Unless you’ve been living under a rock the last few days, you know that Game 3 of the Stanley Cup Finals was, shall we say, Eventful, with a capital “E”. The Bruins’ Nathan Horton knocked cold by Canucks defenseman Aaron Rome, who was sent off and subsequently suspended by the NHL for 4 games, effectively ending his season. The Bruins went on to smoke Vancouver 8-1, effectively erasing the psychic trauma of two heart-rending losses, in Games 1 and 2. I didn’t think it would be possible for The B’s to put behind them the surrendering of a game-winner with 18 seconds left, in Game 1, and a game-winner just 11 seconds into Overtime, in Game 2. But Game 3, for all its queasy, uncomfortable overtones, was just such a series-changer. We talk about the hit, the suspension and the ramifications in store for tonight’s Game 4 with resident hockey expert David Desmith.
As I hope y’all know, the Boston Bruins open their Stanley Cup Finals series tonight, June 1, in Vancouver against the Canucks. To mark the occasion I tracked down perhaps the most hockey-crazed, hockey-savvy, hockey-literate U.S. citizen I know, David Desmith… The Bruins have not won the Cup since 1972. When I moved to the Boston area, in 1973, they “owned the town” — in such a way as to have inspired the commemorative plate pictured here. In my youth, many a night was spent watching Ch. 38’s local broadcasts of Bruins game. Indeed, I learned the game as much at the knee of WSBK announcers Fred Cusick and Johnny Peirson, as I did on the ponds of Wellesley, Mass. … The Bruins have since been to the Finals 5 times, losing the last four times to Canadian teams: Montreal twice in the late 1970s, and twice more to Edmonton. The last time they appeared in the Stanley Cup Finals, 1990, and I was there, three days after the Broons’ epic triple-overtime loss to the Oilers in Game 1; I covered Game 2 at the old Boston Garden for those oracles of sports journalism, the Marlboro Enterprise and Hudson Daily Sun. The Bruins had the misfortune, in all four of these “international” Cup Finals, to encounter the finest teams of their eras, among the best of all time. Are they running into a similar buzz saw tonight? Not likely, but just how good are these Bruins? David and I talk about how the team has grown through the playoffs, and we preview the finals in Part I of this special “Dallas Smith Edition” of the podcast. Watch for Part II later this week.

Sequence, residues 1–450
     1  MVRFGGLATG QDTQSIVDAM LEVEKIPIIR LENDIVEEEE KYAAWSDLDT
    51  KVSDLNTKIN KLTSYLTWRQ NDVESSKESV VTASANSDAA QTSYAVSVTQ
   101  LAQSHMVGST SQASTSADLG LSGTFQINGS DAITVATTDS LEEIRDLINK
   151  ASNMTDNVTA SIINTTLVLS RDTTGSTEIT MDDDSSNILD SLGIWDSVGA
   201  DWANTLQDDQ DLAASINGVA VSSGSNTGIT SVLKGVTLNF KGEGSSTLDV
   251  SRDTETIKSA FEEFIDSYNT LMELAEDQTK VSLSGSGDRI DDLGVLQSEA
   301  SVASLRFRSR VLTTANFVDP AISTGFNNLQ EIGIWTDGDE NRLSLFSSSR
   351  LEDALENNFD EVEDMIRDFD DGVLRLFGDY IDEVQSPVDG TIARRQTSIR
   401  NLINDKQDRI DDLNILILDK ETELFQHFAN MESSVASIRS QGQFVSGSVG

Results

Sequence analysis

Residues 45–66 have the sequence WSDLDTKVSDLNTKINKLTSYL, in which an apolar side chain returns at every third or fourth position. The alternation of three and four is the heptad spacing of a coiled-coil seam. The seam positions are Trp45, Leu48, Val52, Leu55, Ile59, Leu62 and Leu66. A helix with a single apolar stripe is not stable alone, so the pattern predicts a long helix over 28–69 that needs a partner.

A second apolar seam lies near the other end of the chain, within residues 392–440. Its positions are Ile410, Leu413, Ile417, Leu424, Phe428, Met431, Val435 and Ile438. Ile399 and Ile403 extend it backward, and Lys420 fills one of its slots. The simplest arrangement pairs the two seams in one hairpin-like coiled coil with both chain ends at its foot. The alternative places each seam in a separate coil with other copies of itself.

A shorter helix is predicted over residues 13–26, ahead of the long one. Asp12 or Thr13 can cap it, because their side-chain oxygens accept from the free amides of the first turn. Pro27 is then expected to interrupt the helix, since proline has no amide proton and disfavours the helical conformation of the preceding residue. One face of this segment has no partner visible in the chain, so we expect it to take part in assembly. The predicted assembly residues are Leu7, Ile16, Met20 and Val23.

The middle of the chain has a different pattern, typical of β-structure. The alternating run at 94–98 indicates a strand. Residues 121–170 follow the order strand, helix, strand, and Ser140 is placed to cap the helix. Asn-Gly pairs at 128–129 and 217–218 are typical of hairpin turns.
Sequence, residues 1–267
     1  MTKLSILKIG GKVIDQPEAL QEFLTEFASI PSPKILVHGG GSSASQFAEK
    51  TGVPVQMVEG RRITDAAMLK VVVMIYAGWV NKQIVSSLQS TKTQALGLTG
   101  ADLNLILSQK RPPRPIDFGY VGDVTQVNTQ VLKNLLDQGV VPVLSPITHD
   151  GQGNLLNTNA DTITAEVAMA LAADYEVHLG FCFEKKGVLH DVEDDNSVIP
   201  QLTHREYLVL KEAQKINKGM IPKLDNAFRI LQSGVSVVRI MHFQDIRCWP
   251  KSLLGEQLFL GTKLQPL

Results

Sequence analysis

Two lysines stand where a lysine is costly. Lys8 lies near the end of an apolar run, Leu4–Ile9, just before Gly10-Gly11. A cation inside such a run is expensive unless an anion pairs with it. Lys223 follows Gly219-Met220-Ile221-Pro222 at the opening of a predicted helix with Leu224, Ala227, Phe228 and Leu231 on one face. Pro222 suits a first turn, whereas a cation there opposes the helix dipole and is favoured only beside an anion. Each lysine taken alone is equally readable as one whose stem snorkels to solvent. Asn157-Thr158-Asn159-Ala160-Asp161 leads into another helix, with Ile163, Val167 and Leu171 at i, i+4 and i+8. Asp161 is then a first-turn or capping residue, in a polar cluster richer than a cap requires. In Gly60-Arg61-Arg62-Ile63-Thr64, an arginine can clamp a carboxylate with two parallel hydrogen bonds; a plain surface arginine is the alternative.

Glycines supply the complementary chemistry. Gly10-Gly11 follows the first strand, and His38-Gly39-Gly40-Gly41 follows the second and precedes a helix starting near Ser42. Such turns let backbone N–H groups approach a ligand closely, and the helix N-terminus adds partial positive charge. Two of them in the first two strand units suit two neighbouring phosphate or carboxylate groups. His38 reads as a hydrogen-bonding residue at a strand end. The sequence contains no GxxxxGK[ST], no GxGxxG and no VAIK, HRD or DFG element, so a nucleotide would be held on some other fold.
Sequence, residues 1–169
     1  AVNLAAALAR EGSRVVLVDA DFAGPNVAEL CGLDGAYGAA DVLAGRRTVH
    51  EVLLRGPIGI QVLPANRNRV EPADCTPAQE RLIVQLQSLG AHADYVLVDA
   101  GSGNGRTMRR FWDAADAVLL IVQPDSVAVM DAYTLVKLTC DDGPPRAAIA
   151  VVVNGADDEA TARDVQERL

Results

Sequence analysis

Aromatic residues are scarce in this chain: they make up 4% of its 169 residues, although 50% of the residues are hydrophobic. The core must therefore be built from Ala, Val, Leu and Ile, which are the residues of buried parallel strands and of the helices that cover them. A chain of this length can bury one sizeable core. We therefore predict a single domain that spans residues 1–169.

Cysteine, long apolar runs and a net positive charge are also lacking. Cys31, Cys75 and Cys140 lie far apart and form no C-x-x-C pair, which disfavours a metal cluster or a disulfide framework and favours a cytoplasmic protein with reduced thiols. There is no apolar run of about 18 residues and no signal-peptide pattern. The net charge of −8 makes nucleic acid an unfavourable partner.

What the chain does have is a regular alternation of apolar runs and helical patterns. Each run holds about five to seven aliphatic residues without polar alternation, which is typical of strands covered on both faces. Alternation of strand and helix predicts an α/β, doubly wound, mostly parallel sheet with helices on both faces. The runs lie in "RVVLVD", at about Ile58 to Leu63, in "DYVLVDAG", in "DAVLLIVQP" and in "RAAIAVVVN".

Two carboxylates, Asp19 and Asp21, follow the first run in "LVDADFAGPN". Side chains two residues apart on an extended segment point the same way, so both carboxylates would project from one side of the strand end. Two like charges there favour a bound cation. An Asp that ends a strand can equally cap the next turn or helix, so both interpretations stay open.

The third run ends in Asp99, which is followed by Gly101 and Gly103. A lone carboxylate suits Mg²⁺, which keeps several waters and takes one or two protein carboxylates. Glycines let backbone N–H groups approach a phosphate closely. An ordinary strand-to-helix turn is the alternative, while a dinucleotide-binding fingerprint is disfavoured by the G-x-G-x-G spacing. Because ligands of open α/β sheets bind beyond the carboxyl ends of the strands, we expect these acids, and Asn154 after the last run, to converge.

No one would have lapped up another Celtics-Lakers series more ardently than Fullcourt Pod host Hal Phillips and senior analyst Jammin’. But rather than discuss whose pipe dream proved more fanciful (the Green one, or the Purple & Gold one), we concentrate on the matter at hand, which doubles as the cold, hard reality: this most intriguing Finals match-up that starts Tuesday night in Miami. Dirk and the Mavs weren’t chosen to get out of the First Round, but now all of America (outside South Florida) is pulling for them to win it all. Such is the low esteem in which we hold Lebron, D-Wade & Co. How did we get here? And where will it all go…
It’s NBA Playoff time, about midway through Round I, and so we take stock of key developments courtesy of Fullcourt Pod’s resident near-savants, Hal Phillips and Jammin’ James W. Jackson Jr. This week’s fixation and jumping-off point is Laker Coach Phil Jackson‘s indifference toward defending Chris Paul — or should we say inability?
Join Hal Phillips and a cast of characters/correspondents spanning the Globe to discuss the burning, hot, molten issues of the footballing day. This week we talk with Tom Wadlington about the two international friendlies the U.S. played last week, vs. Argentina and Paraguay. Hal and Tom also touch on the fate of Jozy Altidore, the Champions League quarters that begin Tuesday, and the new statue of Michael Jackson that was unveiled this weekend outside Craven Cottage, home to Fulham FC. If you’re wondering what the connection is between Fulham and the King of Pop, you’re not alone.